Between increased healthcare needs for aging baby boomers, the stark discrepancy in the number of retiring healthcare professionals versus those entering the workforce and provider burnout due to the pandemic, hospitals and healthcare facilities are continuing to grapple with staffing shortages. And the issue doesn’t appear to be going away any time soon.
Challenges in the Healthcare Labor Market
Healthcare facilities are facing a grim reality: striving to return to normalcy in the wake of increased hospitalizations due to Covid-19 and simultaneous worker illness, which limited available labor supply. Long, arduous hours paired with pandemic-related stress have also fueled burnout and mental health issues.
Prior to the pandemic, 83% of healthcare executives and clinical leaders said burnout was a primary issue plaguing their organization. Since the onset of the pandemic, the impacts of burnout have only been exacerbated, causing healthcare workers to pursue new opportunities with employers prioritizing flexible scheduling and wellness initiatives.
The long-standing labor shortage has not only intensified, but it’s triggering a snowball effect among the current workforce, who are forced to shoulder the burden of delivering quality care with fewer resources. Hospital administrators report that increasing nursing shortages are causing a major deficit in the continuity of care, causing burnout and lowering job satisfaction. With these issues expected to continue disrupting the healthcare labor market in the coming years, leaders must devise and implement long-term strategies aimed at mitigating hurdles.
Addressing Staffing Shortages Today & In the Future
To manage surge capacity and protect the integrity of care delivery, organizations will need to leverage a multi-tiered approach to staffing their facility. From succession planning for vital positions to utilizing a healthcare recruitment firm to bridge unexpected coverage gaps, it’s imperative to minimize risk factors that could negatively impact staff levels. This includes reevaluating technology and service offerings, like telemedicine, as well as establishing a culture rooted in safety and well-being.
As the MHA shares, it has become “more critical than ever for hospitals to incorporate thriving into their culture. Helping team members recharge, combat burnout, and enhance resiliency is essential for their well-being and for their ability to consistently provide the highest quality patient care.”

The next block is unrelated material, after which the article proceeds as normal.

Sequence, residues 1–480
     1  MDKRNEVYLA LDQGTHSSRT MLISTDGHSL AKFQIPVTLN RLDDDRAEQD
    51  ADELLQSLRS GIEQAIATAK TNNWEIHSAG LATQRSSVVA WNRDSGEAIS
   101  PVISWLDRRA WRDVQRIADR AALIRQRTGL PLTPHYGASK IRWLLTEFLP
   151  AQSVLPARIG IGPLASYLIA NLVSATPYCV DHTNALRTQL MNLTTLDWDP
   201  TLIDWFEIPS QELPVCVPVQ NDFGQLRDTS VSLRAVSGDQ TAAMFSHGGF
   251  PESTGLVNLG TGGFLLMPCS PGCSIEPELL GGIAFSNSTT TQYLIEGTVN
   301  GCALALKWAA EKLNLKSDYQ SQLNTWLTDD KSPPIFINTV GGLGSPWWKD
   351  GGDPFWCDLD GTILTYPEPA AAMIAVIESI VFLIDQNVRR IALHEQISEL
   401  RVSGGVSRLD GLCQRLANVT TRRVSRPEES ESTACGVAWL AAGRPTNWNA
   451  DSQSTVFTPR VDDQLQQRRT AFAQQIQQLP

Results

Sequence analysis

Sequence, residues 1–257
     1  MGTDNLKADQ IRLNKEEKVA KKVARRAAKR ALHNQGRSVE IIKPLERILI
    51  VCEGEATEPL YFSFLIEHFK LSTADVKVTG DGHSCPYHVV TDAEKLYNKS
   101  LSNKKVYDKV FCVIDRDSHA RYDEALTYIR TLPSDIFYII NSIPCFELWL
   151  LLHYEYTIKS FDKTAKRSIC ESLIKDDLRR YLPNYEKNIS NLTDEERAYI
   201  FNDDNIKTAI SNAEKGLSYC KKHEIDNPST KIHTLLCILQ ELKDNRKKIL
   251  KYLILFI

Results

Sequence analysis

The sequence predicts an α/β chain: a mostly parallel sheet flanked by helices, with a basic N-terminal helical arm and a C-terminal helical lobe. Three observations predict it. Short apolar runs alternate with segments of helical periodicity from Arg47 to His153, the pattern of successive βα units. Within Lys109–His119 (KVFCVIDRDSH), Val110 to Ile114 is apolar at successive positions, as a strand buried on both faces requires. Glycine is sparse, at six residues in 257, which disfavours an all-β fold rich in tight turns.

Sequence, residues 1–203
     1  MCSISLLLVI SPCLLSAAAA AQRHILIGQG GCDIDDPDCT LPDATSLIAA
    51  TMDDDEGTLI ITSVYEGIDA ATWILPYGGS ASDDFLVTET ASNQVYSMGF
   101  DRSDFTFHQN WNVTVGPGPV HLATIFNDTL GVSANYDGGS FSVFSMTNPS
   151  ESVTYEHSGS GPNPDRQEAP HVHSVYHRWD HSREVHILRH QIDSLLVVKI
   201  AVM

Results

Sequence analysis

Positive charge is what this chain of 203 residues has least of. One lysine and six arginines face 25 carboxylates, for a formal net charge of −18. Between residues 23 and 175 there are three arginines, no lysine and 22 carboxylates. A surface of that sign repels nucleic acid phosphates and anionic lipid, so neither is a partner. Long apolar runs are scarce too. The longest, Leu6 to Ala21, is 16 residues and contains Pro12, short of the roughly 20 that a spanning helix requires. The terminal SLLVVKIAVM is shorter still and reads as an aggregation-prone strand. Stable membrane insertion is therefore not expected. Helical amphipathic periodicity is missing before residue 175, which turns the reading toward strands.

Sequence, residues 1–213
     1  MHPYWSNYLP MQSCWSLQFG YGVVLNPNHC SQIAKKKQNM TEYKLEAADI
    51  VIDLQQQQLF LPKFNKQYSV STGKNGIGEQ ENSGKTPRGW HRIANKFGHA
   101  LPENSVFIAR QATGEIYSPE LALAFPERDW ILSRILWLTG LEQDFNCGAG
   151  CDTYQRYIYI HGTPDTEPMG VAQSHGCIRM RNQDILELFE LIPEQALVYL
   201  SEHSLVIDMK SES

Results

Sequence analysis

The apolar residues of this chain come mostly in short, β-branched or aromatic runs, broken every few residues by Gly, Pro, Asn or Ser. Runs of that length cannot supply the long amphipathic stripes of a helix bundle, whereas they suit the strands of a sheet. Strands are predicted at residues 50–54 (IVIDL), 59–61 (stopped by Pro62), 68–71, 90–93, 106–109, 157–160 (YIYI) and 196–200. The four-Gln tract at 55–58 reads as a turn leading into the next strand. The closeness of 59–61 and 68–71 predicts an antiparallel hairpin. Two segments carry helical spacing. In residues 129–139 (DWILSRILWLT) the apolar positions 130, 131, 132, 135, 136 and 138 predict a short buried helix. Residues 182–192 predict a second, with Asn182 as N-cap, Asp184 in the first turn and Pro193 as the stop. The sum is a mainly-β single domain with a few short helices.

And labor shortages are only expected to increase over the next decade:
- The American Association of Medical Colleges (AAMC) estimates a shortage of 124,000 physicians by 2032, with numbers expected to rise as the over-65 population is projected to grow 48% by 2032.
- The U.S. Bureau of Labor Statistics estimates that there will be nearly 195,000 vacancies for registered nurses each year through 2030.
Poor retention rates are also compounding shortages. The American Hospital Association revealed, “One study found that the nurse turnover rate was 18.7%, illustrating the magnitude of the issue facing hospitals and their ability to maintain nursing staff. The same study also found that 35.8% of hospitals reported a nurse vacancy rate of greater than 10%, which is up from 23.7% of hospitals prior to the pandemic.”
As healthcare organizations establish long-term strategic initiatives, both recruitment and retention will need to be included in their efforts. Employers should consider the types of perks and benefits they’re offering, like referral bonuses and student loan repayment, to attract new talent to their facilities.
Identifying ways to provide workers with increased control over scheduling, as well as investing in development opportunities and mentorship programs are also effective ways of driving drive staff retention.
Quick example: one of our client hospitals asked their nurses if they preferred a 12-hour shift over the traditional 8-hour model. A significant majority preferred the 12-hour one. Since the change, they have seen a 30+% improvement in retention and even higher numbers for overall job satisfaction.
Setting Yourself Up for Success
New technologies are enabling hospitals and healthcare facilities to adopt more flexible staffing models. With a broader talent pool to access, organizations have the opportunity to build robust pipelines of candidates – ideal for anticipating and filling needs as they arise. Offloading much of the recruitment process by leveraging a healthcare staffing agency can be highly beneficial in decreasing costs, shortening time-to-fill and saving valuable time.
The experts at Polaris Placement have an extensive breadth of expertise in navigating the healthcare space. From sourcing and vetting to interviewing and onboarding, contact us today to learn how we can help your organization increase its bottom line and improve the patient experience.